For the church, leasing their property would provide “a meaningful amount of revenue that others in town have benefitted from” that the church could use “to support our lofty goals of our mission,” said Myron Kassaraba, who leads the church’s Cell Antenna Committee.IMG_1428

As the church prepares to decide whether to move forward on an agreement, several neighbors are concerned that the radiation from a cell tower near their homes and looming over where many send children to study and play could prove to be a long-term health risk.

Their colorful posters, plastered on posts and poles in and around Belmont Center, pleaded for the church to “Please keep our neighbors healthy and happy” by saying “No to Cell Towers on Plymouth Church.”
“I think with all the studies so far (on radiation emanating from cell towers), I don’t think there is enough observation especially since it’s a very new technology,” said Marsh Street’s Zhao Gang.

“We only started using cell phones continuously recently so we don’t know if this will be harmful in the future. So it’s better to be on the cautious side,” said Gang.

On Monday, June 30, the church held a public meeting to provide neighbors with information on a possible tower inside the steeple – in fact, there is some talk of replacing the original structure with a fiberglass version.

“We feel that this is an opportunity for the church,” said Kassaraba, who stated the church’s view at the meeting.

Plymouth has been around since 1899 with more than 100 member families, a community run by a church council and a board of trustees, many “who are very active in local, civic and government,” said Kassaraba.

With each church an independent entity and self-funding, the church’s missions – whether in town to its globally aspirations – is dependent on raising available funds.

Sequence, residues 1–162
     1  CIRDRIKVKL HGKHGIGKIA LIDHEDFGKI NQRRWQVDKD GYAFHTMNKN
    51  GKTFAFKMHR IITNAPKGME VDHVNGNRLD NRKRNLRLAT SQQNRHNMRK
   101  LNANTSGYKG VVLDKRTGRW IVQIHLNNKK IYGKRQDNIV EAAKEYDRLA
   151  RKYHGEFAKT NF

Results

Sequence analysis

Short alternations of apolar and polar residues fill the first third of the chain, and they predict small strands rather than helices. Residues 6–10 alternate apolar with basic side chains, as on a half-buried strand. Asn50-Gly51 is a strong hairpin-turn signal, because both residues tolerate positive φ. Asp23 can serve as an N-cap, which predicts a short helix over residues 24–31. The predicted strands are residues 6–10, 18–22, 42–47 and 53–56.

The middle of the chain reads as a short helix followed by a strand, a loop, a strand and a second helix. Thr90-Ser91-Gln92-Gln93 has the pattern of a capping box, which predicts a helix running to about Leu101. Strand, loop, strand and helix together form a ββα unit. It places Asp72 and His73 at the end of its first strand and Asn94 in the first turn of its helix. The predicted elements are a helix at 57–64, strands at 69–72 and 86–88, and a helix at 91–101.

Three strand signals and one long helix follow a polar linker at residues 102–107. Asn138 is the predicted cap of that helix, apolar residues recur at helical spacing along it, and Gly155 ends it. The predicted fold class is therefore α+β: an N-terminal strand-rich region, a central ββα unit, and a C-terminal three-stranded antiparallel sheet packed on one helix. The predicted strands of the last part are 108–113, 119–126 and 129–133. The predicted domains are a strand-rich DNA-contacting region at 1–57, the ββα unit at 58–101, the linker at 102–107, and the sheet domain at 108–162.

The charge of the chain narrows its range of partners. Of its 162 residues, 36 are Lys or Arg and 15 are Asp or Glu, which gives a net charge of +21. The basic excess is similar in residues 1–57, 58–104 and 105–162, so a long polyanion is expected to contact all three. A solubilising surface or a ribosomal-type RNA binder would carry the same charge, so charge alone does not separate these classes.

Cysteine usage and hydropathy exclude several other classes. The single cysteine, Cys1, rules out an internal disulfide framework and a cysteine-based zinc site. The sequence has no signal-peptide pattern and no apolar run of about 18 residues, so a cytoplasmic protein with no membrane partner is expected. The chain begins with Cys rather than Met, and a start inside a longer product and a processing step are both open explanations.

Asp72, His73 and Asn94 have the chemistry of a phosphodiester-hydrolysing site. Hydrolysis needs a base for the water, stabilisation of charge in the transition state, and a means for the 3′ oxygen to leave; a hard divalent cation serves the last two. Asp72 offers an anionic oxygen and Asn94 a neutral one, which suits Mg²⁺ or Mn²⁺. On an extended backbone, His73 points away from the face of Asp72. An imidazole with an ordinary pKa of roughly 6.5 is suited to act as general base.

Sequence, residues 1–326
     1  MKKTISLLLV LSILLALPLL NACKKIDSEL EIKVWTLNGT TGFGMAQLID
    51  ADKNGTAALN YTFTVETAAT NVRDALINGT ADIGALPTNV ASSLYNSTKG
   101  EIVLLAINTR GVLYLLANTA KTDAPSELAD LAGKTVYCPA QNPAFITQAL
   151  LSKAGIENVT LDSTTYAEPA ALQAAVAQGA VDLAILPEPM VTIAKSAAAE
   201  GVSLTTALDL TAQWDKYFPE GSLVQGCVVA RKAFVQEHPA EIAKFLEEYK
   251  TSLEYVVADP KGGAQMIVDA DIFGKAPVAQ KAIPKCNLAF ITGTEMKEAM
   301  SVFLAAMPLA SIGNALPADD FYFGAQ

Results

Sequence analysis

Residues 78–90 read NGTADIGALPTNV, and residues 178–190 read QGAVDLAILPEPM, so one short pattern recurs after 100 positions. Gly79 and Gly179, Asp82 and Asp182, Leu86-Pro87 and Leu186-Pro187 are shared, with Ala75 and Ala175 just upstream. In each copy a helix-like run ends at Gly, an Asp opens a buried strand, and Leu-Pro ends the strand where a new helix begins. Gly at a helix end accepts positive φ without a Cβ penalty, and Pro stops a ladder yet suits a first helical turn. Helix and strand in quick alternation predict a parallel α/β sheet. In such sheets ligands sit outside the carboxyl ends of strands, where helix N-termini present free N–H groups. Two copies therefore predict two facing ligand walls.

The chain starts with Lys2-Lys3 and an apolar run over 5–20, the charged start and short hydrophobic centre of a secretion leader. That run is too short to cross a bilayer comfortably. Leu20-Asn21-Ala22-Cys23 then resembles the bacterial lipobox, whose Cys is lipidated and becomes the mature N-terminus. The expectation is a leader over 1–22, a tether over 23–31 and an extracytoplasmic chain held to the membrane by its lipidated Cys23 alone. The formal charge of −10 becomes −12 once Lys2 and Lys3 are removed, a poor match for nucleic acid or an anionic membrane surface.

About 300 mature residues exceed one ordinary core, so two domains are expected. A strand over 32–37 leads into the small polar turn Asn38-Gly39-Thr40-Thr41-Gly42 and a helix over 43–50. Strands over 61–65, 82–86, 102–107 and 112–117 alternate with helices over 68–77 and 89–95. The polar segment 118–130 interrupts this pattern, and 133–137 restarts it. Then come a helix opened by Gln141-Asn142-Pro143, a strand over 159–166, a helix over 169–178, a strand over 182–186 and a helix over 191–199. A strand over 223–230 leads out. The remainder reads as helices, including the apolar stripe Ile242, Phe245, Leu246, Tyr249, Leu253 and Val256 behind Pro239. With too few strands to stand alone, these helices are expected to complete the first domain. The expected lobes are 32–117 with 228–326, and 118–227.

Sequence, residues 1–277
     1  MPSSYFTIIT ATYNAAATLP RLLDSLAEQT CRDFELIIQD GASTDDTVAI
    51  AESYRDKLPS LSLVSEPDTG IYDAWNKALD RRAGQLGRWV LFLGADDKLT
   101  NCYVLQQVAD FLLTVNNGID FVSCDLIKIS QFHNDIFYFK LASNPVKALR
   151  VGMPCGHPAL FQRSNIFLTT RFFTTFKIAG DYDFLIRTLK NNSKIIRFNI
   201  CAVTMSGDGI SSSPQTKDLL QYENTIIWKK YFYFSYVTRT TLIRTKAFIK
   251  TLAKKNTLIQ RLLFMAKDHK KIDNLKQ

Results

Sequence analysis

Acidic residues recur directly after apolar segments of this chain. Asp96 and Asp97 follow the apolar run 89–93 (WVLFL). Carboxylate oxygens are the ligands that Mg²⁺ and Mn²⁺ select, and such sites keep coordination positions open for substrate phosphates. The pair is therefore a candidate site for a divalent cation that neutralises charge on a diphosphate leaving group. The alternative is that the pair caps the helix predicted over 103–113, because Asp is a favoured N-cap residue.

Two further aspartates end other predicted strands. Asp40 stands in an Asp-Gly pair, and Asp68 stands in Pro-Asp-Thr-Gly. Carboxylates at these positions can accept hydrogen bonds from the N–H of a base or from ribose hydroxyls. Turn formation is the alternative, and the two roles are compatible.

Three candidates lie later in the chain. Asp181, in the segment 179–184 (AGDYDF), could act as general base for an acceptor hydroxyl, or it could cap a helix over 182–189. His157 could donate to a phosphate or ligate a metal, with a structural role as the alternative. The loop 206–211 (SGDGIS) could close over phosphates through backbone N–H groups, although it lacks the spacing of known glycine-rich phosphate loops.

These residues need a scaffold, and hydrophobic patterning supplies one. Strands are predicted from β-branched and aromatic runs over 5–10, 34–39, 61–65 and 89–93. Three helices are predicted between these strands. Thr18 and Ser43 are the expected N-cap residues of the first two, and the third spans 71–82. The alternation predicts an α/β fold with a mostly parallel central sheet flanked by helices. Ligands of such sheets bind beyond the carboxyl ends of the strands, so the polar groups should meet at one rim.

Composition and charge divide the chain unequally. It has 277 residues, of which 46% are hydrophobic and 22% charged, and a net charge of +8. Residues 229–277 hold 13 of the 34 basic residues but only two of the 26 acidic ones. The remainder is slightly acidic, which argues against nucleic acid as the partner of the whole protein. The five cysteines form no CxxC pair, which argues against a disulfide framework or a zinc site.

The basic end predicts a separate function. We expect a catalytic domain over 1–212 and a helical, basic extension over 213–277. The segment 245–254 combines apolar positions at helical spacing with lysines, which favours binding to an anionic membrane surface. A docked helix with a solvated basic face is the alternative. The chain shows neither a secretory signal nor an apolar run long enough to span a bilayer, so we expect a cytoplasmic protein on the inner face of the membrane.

While Plymouth trustees have yet to propose a cell steeple to the congregation, the funds coming into the church’s coffers could be significant. According to the website, the price of a leasing agreement is based on “location, location, location” and Belmont appears to possess prime residential and cellular property.

“The average cell tower rent is going to vary from county to county and state to state — and they also differ depending on which carrier you are dealing with, they amount of pain they have (bad coverage and tough zoning laws), and their budgets,” states the website of AirWave Management, which negotiates leases for landowners with telecom carriers and tower companies.

On average nationwide, the typical lease is about $1,500 a month or $18,000 annually. But lease rates can vary drastically, “from $400 a month for a paging company on a rural Tennessee site to $3,900 or more for a New England prime highway corridor for a PCS carrier, rates are based upon the location of the tower and the location and size of the antennas and lines as well as the ground space required,” according to the site.

Can you hear me now in Belmont Center?

For AT&T and Verizon – each contacted the church in October 2013 on placing a tower at the church – the area along Pleasant Street which the AT&T representative Peter Cook called by its Massachusetts highway name, Route 60, has been a trouble spot for its customers.